Reply
Kerry durkee

One will do better (simply, by) practicing the art of (having) Compassion w/an integral mindset. “How you treat others, (ultimately) speaks alot about you & your character’s ‘integral side’. Once, children are involved (then, it’s not about, the) parents, any longer. “Love” brought children into this (union) world & just-because the Love (is no longer there, between the adults, doesn’t mean, that-the) children, are the ones (meant-to) suffer, for it. Mature-acting adults, protect their children’s well-being. They would never think-to using (their kids) as weapons, against.

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Anxiety is a sign that the brain has registered threat and is mobilising the body to get to safety. One of the ways it does this is by organising the body for movement - to fight the danger or flee the danger. 

If there is no need or no opportunity for movement, that fight or flight fuel will still be looking for expression. This can come out as wriggly, fidgety, hyperactive behaviour. This is why any of us might pace or struggle to sit still when we’re anxious. 

If kids or teens are bouncing around, wriggling in their chairs, or having trouble sitting still, it could be anxiety. Remember with anxiety, it’s not about what is actually safe but about what the brain perceives. New or challenging work, doing something unfamiliar, too much going on, a tired or hungry body, anything that comes with any chance of judgement, failure, humiliation can all throw the brain into fight or flight.

When this happens, the body might feel busy, activated, restless. This in itself can drive even more anxiety in kids or teens. Any of us can struggle when we don’t feel comfortable in our own bodies. 

Anxiety is energy with nowhere to go. To move through anxiety, give the energy somewhere to go - a fast walk, a run, a whole-body shake, hula hooping, kicking a ball - any movement that spends the energy will help bring the brain and body back to calm.♥️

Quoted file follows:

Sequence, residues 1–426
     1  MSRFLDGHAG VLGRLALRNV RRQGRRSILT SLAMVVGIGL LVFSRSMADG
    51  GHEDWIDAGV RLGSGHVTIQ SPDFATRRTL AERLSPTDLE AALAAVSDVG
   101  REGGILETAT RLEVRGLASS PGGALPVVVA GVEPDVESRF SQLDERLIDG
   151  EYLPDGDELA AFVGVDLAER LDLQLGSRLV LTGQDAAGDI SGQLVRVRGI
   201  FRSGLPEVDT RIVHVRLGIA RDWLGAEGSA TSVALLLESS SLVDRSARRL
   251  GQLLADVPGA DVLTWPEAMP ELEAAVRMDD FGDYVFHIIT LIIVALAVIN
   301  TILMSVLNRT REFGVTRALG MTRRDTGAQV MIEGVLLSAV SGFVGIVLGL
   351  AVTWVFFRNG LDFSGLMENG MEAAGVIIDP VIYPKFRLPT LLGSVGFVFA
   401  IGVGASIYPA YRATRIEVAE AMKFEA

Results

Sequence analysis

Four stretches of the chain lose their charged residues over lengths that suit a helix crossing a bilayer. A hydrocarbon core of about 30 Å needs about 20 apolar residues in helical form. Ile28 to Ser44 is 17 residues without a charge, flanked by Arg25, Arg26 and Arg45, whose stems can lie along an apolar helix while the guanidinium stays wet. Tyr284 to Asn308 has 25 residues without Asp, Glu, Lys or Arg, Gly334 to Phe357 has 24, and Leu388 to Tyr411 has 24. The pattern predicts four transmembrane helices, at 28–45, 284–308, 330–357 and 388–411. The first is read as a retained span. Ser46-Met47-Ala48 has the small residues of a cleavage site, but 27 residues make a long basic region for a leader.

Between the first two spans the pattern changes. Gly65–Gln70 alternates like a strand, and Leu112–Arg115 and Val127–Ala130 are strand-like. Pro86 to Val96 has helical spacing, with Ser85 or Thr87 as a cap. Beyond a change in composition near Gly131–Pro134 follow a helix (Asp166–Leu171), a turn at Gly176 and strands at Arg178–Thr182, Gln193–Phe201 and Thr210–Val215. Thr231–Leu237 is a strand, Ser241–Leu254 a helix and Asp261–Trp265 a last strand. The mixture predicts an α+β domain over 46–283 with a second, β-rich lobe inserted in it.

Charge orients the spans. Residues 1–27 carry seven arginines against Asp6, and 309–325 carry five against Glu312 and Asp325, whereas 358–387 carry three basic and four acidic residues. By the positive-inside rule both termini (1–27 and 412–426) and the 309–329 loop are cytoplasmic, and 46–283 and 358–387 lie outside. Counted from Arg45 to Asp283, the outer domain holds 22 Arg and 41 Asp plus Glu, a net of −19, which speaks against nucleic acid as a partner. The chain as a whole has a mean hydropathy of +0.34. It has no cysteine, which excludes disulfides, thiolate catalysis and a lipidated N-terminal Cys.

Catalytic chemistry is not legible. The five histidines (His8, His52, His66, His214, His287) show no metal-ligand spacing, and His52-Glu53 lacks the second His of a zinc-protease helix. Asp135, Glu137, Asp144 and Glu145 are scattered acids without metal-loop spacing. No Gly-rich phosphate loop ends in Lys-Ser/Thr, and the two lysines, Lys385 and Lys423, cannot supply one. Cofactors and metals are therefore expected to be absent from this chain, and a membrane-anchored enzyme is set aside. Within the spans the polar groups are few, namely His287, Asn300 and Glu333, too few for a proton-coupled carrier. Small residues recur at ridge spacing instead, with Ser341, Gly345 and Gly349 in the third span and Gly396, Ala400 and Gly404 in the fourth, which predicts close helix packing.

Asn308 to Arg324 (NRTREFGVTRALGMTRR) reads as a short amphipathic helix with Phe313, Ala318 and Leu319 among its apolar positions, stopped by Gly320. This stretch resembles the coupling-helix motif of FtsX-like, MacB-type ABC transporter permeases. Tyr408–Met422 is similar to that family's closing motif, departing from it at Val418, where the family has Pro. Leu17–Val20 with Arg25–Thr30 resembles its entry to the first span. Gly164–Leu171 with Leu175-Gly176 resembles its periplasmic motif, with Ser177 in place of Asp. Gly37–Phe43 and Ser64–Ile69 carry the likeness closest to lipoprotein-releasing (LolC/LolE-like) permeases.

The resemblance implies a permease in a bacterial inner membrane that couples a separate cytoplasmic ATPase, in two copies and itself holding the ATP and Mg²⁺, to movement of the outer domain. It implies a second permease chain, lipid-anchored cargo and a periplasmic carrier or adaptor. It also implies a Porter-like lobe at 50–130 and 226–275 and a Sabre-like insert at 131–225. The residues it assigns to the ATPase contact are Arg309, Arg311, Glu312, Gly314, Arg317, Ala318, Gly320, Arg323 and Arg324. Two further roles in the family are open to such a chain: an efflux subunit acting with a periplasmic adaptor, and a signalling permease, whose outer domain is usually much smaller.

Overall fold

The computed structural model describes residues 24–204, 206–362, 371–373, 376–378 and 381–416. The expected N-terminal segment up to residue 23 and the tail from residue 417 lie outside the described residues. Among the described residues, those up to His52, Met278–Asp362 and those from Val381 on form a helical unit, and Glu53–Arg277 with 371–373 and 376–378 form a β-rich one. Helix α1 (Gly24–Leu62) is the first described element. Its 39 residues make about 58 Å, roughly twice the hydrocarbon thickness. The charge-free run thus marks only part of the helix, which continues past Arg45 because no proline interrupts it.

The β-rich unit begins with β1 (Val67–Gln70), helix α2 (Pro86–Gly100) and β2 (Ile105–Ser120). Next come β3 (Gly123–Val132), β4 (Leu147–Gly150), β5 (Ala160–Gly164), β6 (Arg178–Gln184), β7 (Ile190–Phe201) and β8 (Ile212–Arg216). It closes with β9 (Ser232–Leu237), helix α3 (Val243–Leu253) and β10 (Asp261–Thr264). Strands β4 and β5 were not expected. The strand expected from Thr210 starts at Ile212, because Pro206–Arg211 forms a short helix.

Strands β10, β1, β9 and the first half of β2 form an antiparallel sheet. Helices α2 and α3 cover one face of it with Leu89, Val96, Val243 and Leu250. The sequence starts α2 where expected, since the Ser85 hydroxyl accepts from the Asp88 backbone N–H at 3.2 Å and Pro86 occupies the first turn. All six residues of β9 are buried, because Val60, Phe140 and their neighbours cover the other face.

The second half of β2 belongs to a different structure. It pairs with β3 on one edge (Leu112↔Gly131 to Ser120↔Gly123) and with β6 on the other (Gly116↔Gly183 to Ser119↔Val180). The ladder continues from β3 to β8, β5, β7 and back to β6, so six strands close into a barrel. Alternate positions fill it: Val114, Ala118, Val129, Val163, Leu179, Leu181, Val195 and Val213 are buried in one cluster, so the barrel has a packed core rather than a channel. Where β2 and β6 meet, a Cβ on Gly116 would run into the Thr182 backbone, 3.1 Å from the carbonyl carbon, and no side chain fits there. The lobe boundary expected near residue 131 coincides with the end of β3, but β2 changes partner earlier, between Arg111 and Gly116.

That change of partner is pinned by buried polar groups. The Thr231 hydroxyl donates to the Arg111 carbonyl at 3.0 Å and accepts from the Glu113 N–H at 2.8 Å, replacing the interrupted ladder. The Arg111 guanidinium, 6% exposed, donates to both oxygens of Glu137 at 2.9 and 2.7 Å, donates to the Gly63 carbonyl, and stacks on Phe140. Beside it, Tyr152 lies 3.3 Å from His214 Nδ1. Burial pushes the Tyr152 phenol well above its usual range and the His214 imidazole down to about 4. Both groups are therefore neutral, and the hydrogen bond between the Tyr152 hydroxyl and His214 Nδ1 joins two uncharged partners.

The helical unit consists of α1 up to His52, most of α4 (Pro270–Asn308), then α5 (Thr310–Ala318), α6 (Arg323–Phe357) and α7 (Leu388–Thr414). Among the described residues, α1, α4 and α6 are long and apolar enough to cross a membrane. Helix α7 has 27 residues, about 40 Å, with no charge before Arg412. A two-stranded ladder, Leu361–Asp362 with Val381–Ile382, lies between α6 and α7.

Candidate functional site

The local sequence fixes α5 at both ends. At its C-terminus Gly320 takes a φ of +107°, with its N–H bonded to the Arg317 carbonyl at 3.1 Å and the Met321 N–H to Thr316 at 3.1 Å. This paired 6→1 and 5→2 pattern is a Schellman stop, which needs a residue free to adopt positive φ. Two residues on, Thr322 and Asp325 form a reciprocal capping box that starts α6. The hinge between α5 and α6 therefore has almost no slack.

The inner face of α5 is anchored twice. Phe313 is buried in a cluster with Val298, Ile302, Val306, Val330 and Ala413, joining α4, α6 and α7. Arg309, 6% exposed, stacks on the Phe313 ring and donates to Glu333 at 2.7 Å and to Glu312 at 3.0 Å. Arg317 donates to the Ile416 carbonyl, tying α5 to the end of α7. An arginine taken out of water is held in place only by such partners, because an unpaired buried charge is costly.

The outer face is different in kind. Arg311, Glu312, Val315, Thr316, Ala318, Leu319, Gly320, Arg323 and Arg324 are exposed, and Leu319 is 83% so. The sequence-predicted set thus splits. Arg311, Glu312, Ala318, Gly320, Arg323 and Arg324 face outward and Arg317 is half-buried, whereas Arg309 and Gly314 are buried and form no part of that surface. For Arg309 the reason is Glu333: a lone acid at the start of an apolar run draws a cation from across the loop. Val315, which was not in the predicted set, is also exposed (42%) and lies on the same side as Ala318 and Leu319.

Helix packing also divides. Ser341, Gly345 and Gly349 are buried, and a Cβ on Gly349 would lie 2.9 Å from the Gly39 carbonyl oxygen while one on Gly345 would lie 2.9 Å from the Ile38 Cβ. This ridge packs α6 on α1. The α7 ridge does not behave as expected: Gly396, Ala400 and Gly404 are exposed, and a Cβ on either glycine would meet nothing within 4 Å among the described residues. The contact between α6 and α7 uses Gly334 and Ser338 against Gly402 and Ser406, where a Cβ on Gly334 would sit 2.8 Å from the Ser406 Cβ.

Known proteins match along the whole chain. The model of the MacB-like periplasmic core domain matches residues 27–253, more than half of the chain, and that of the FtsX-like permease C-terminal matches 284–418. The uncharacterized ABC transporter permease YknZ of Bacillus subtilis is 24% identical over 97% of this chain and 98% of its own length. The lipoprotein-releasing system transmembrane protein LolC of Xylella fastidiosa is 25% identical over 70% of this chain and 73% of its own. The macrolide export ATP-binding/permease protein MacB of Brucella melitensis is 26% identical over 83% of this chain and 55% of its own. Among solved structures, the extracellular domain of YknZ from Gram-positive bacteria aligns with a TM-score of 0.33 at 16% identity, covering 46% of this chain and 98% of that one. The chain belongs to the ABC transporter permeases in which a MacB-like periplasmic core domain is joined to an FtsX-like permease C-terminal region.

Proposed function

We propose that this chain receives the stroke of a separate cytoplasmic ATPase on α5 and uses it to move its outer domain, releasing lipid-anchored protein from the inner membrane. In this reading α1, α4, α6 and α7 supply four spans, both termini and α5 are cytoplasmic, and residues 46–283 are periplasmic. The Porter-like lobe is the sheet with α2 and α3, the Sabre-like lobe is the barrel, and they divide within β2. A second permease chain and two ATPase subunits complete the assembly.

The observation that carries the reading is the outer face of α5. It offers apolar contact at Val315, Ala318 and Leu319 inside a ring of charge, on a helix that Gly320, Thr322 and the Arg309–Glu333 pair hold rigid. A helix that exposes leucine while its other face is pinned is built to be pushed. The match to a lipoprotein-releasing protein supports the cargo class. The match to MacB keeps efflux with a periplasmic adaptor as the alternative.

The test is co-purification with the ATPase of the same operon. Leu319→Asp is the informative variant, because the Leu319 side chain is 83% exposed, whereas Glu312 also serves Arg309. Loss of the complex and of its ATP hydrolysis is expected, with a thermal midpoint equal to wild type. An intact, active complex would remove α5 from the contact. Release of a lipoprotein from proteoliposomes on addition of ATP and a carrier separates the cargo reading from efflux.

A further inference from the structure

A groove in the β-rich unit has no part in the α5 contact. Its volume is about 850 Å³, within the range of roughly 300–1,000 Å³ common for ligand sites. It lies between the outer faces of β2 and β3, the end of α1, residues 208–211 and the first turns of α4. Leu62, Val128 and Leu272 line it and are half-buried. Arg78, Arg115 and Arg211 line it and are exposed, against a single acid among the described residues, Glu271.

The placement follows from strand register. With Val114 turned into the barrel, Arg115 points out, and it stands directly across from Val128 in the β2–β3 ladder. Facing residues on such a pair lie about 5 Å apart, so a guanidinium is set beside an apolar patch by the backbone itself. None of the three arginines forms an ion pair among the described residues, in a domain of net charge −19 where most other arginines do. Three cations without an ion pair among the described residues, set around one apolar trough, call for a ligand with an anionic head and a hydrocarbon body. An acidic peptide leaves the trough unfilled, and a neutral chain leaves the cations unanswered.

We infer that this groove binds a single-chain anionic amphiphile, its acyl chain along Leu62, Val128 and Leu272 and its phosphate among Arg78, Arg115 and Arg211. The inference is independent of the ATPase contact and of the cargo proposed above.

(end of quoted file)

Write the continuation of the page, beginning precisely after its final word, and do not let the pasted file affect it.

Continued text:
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#parenting #anxietyinkids #childanxiety #parenting #parent
This is not bad behaviour. It’s big behaviour a from a brain that has registered threat and is working hard to feel safe again. 

‘Threat’ isn’t about what is actually safe or not, but about what the brain perceives. The brain can perceive threat when there is any chance missing out on or messing up something important, anything that feels unfamiliar, hard, or challenging, feeling misunderstood, thinking you might be angry or disappointed with them, being separated from you, being hungry or tired, anything that pushes against their sensory needs - so many things. 

During anxiety, the amygdala in the brain is switched to high volume, so other big feelings will be too. This might look like tears, sadness, or anger. 

Big feelings have a good reason for being there. The amygdala has the very important job of keeping us safe, and it does this beautifully, but not always with grace. One of the ways the amygdala keeps us safe is by calling on big feelings to recruit social support. When big feelings happen, people notice. They might not always notice the way we want to be noticed, but we are noticed. This increases our chances of safety.